Browsing by Author "Kyabarongo, Benon"
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- ItemEffect of Computer Technology Adoption on Sales Volume in Selected Supermarkets in Kampala Central Division, Uganda(International Journal of Current Science Research and Review, 2023-01-25) Rugasira, Jack; Moses, Agaba; Kyabarongo, BenonThe study looked at the relationship between sales volume and the deployment of computer technology at a few specific supermarkets in Kampala's central division. The specific goal was to look at how the use of computer technology affected the amount of sales in supermarkets. The research used a cross-sectional approach. Approaches that combined quantitative and qualitative methods were used. Data was collected from a sample of 80 respondents in 20 supermarkets in the central division of Kampala using questionnaires and interviews. Data were analyzed using descriptive, correlational, and regression techniques. The results suggested that adoption of computer technology boosts grocery sales. Conclusion: Adoption of computer technology improves operational efficiency, according to the respondents' responses. However, there were a few areas that needed improvement so that efficiency would actually increase. It was advised that the owners of supermarkets purchase and employ improved accounting software, as well as effective monitoring systems and systems that can identify impending expirations and obsolescence and report them early so that action can be taken to prevent losses from expirations.
- ItemEmployee Rewards Management and the Performance of Small Scale Enterprises in Uganda, a Case of Ntungamo Municipality(International Journal of Academic Management Science Research, 2022) Moses, Agaba; Turyasingura, John Bosco; Kyabarongo, BenonThe study investigated the effects of reward management methods on the performance of small businesses in the industrial and service sectors in Ntungamo Municipality. The study specifically looked at how employee rewards management strategies affected the success of small businesses. The study used a mixed methods research technique using a cross-sectional survey design based on questionnaires and interviews. Using basic random and purposeful selection methods, 169 employees were chosen as a sample from a total of 300. Using descriptive statistical methods like mean and standard deviation, quantitative data were examined. The impact of employee incentives on the performance of SMEs was determined using regression analysis. The findings indicated that human rewards management considerably affects the performance of SMEs in the Ntungamo district by roughly 19.7%. In conclusion, it has been established that employee rawards have a considerable impact on the performance of SMEs in the Ntungamo district. The study suggests that the District enhance its reward systems by offering incentives and giving employees the authority to carry out their responsibilities through delegation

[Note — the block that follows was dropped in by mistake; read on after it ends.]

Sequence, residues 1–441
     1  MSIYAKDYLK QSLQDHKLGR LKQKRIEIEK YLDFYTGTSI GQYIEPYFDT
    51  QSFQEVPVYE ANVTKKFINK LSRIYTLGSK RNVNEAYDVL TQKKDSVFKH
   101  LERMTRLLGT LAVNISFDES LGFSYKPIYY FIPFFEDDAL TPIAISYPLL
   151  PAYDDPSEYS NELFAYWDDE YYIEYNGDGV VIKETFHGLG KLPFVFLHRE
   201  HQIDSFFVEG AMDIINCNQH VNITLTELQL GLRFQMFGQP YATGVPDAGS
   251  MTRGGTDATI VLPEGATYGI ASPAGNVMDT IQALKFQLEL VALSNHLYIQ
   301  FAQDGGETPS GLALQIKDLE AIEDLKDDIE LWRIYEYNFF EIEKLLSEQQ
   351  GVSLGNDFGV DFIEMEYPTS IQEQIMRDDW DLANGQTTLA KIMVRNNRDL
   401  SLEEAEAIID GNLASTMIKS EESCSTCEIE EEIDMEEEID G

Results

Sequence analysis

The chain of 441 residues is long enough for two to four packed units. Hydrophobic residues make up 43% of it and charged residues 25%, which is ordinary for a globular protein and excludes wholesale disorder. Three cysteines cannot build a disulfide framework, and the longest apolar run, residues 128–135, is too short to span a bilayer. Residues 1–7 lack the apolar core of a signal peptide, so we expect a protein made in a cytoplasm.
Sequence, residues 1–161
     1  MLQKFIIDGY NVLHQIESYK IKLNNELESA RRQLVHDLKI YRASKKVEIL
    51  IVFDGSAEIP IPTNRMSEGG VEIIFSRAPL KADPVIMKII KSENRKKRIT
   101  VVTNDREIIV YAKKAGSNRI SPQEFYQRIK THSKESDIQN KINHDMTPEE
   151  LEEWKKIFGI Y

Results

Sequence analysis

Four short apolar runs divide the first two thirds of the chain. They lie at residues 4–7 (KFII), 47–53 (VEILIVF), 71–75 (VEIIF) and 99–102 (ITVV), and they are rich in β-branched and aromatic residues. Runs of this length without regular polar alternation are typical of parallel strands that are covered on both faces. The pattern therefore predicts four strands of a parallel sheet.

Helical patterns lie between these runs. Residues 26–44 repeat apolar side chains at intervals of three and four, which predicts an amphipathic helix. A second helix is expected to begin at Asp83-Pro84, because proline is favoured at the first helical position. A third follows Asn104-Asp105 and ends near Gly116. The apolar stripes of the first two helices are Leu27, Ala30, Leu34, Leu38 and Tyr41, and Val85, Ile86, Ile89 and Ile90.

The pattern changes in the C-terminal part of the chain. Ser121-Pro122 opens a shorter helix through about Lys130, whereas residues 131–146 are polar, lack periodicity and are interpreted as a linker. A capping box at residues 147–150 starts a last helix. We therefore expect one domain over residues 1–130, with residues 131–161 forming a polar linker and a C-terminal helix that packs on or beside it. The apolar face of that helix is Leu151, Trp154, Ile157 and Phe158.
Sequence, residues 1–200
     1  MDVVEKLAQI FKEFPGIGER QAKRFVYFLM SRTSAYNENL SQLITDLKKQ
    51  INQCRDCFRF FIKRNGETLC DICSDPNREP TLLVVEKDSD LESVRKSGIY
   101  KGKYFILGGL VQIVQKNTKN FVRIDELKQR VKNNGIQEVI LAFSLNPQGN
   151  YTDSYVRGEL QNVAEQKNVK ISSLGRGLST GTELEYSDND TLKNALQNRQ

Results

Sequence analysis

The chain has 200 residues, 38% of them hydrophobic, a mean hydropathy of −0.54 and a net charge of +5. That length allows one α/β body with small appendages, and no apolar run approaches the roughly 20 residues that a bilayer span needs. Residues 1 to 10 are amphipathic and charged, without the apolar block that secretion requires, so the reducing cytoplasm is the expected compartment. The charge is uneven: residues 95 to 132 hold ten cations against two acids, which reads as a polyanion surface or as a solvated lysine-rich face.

- ItemProject Monitoring and Evaluation in the Sustainability of Donor-Funded Potato Projects in Kabale District, Uganda(American Journal of Humanities and Social Sciences Research (AJHSSR), 2022) Turyasingura, John Bosco; Moses, Agaba; Meza, Orach; Zombeire, Regis; Kyabarongo, BenonHigh Points The study is about the effect of potato project design and implementation in the sustainability of donor funded potato projects in Kabale District and there is minimal participation of potato farmers in project monitoring and evaluation in the sustainability of donor-funded potato projects in Kabale District. The essence of potato project monitoring and evaluation in the sustainability of donor-funded potato projects in Kabale District is to increase knowledge and improve the livelihoods of potato farmers without wasting donors’ resources after donor exit. It was found out that, there is the participation of potato project farmers in monitoring and evaluation with vital for the sustainability of donor-funded potato projects in Kabale District Background: This study was set to determine the effect of project monitoring and evaluation on the implementation of funded potato projects in the Kabale District. Monitoring and evaluating a strategic role of communities that equips potato project beneficiaries to feel that they have a stake in the project. However, monitoring and evaluation activities by the communities have not been entirely accepted by donors. Objective: This study was set to determine the effect of project monitoring and evaluation on the implementation of funded potato projects in the Kabale District. Methods: This study adopted a descriptive survey design, and it used potato farmers as the unit of analysis. Data was collected in the means of administering a questionnaire survey from a sample of 196 potato farmers. Structural equation modeling was used to test hypotheses. Results: Findings revealed that project monitoring and evaluation have significant positive relationship sustainability of funded potato projects Conclusion and Recommendations: The study concludes that; Project monitoring and evaluation should be participatory. Therefore, the study recommends that project beneficiaries should share information concerning their project, collect data together and learn lessons from the project report and disseminate data for purposes of understanding very well the project